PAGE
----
Late afternoon sun highlights the oak trees I stand amidst, the utter quiet broken only by birds’ chirping. It is easy to forget that the southern Lebanese hilltop I’m walking on was once the base of intense resistance against the Zionist occupation forces with their bases on surrounding hilltops and occupying villages below. From 1985 to 2000—when prolonged Hezbollah resistance eventually defeated the ZOF causing their retreat from Lebanon—Mleeta was one of the most important sites of the Lebanese resistance. The Mleeta guide and website report that from the Mleeta hilltop, over 7000 resistance waged attacks on surrounding IOF sites.
As our car crawls up the road, ascending into the beginning of the day’s thick fog, M points out the thick mesh of oak trees and rock, reminding me again of the resistance’s tactic of moving slowly uphill under the cover of fog. The blanket of trees was vital, but nonetheless the going would have been tough. “It snows in winter up here, it was an extremely hard life. They carried everything they needed on their backs…including anti-aircraft weapons—they carried them in pieces and re-assembled them at their site,” he notes.
Atop the over 1000 metre high hill it’s chilly despite already being the end of March. Two steaming cups of instant coffee help reduce my shivering but also make me reflect on how hard the life of a resistance fighter here would have been—far from the conveniences of home, in the hills for years, fighting for their country. “They ate the wild chestnuts,” M says, plucking an acorn from beneath a canopy of oak trees and shelling it for me. It is bitter and seemingly inedible, but necessity and survival dictated.
Up a flight of stairs to Mleeta’s highest point—and sight of a memorial to the martyrs’ sacrifice—the Hill provides a view of surrounding mountaintops where the ZOF were based—and expelled—as well villages below which were occupied then freed by the resistance. The view is panoramic, the oak tree and rock terrain obscuring anything that the fog doesn’t. “That was their secret, their weapon,” M says. “Looking down, you can only see trees; the ZOF never knew where the resistance were.”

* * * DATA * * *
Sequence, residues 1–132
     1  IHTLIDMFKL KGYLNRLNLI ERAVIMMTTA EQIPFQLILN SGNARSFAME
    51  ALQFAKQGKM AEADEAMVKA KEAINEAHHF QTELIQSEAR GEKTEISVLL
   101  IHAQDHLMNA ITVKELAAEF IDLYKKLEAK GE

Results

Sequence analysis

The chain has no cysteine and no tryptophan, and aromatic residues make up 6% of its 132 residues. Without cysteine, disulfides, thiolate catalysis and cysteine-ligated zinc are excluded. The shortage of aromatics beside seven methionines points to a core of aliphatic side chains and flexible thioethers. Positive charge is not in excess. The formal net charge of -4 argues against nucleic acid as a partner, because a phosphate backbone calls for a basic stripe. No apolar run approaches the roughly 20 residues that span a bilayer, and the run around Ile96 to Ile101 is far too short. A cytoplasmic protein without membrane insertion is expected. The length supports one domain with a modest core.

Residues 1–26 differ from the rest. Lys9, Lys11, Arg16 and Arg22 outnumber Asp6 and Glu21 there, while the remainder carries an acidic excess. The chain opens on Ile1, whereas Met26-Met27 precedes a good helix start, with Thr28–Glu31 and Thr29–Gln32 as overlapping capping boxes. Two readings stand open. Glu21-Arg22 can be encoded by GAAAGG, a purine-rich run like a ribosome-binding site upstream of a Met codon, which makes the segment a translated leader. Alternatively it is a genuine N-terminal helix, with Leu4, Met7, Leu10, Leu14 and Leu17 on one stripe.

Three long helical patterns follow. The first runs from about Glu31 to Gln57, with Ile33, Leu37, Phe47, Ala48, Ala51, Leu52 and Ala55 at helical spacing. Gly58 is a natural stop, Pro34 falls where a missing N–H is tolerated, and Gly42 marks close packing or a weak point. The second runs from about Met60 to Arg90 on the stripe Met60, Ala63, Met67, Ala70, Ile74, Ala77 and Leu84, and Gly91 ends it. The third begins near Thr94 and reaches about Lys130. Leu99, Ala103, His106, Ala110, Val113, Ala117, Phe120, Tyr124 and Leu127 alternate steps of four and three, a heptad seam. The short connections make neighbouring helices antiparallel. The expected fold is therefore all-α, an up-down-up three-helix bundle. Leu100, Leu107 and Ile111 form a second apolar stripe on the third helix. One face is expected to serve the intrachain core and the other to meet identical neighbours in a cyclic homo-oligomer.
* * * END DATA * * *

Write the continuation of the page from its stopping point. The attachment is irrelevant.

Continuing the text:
In the centre of Mleeta are the remains of the enemy’s war vehicles, weapons and uniforms, like any good resistance museum. The vast depression, called the Abyss, is filled with a variety of ZOF vehicles, from battered ZOF jeeps, to remains of an ZOF helicopter, to the ZOF’s prized Merkava tank…its gun barrel tied in a knot, “indicating the neutralization of the israeli sophisticated military machine in the fight against the will and steady faith of the resistance fighters,” the Mleeta website explains. A sign next to the Abyss notes that the tank “was transformed by the Resistance, and in the enemy’s own words, from a ‘mobile land fortress’ into ‘a coffin on caterpillar tracks’.”
We walk along what is known as the Path, oak forest cover from which the resistance waged military attacks against ZOF targets. Large boulders and chunks of rock, carved by hand from the earth, are interspersed between the oak trees, providing still more cover for the resistance. We pass displays of Hezbollah rocket launchers, a field infirmary, the camouflaged site where former Hezbollah Secretary General, Sayyid Abbas Moussawi, prayed for and met with other resistance fighters. As we walk, M marvels, “Amazing, they cut the path by hand,” which doesn’t sink in for me until we come to the Cave.
As he steps into the beginning of a 200 metre long tunnel, he touches the newly-fortified tunnel walls pointing out the dense rock beneath. This, he says, was chiseled away by hand, by over 1000 resistance over 3 years. The tunnel twists into the mountainside, carving a path of safety for the fighters. It contains the expected: a make-shift infirmary; a cooking space… But in that kitchen is a small fridge…they’d later rigged up electricity. More surprising is the office with its desktop computer and printer, also presumably later additions.
*(cave photo from Mleeta website)
We emerge from the tunnel to the Outlook. Looking to the hillside, nothing of the resistance is visible, only the oak trees and rock; beyond and below us are the once occupied now liberated surrounding villages, and beyond that occupied Palestine.
Walking back along the Path, M points out wherever there are bouquets of flowers they are in remembrance of martyred resistance, and himself stops to say prayers of remembrance.
“Peace be upon you O’ martyrs of the resistance. Peace be upon you O’ martyrs of self-esteem, freedom and dignity. Peace be upon you and the land that embraces your graves.”
—A Tribute to the Souls of the Resistance Martyrs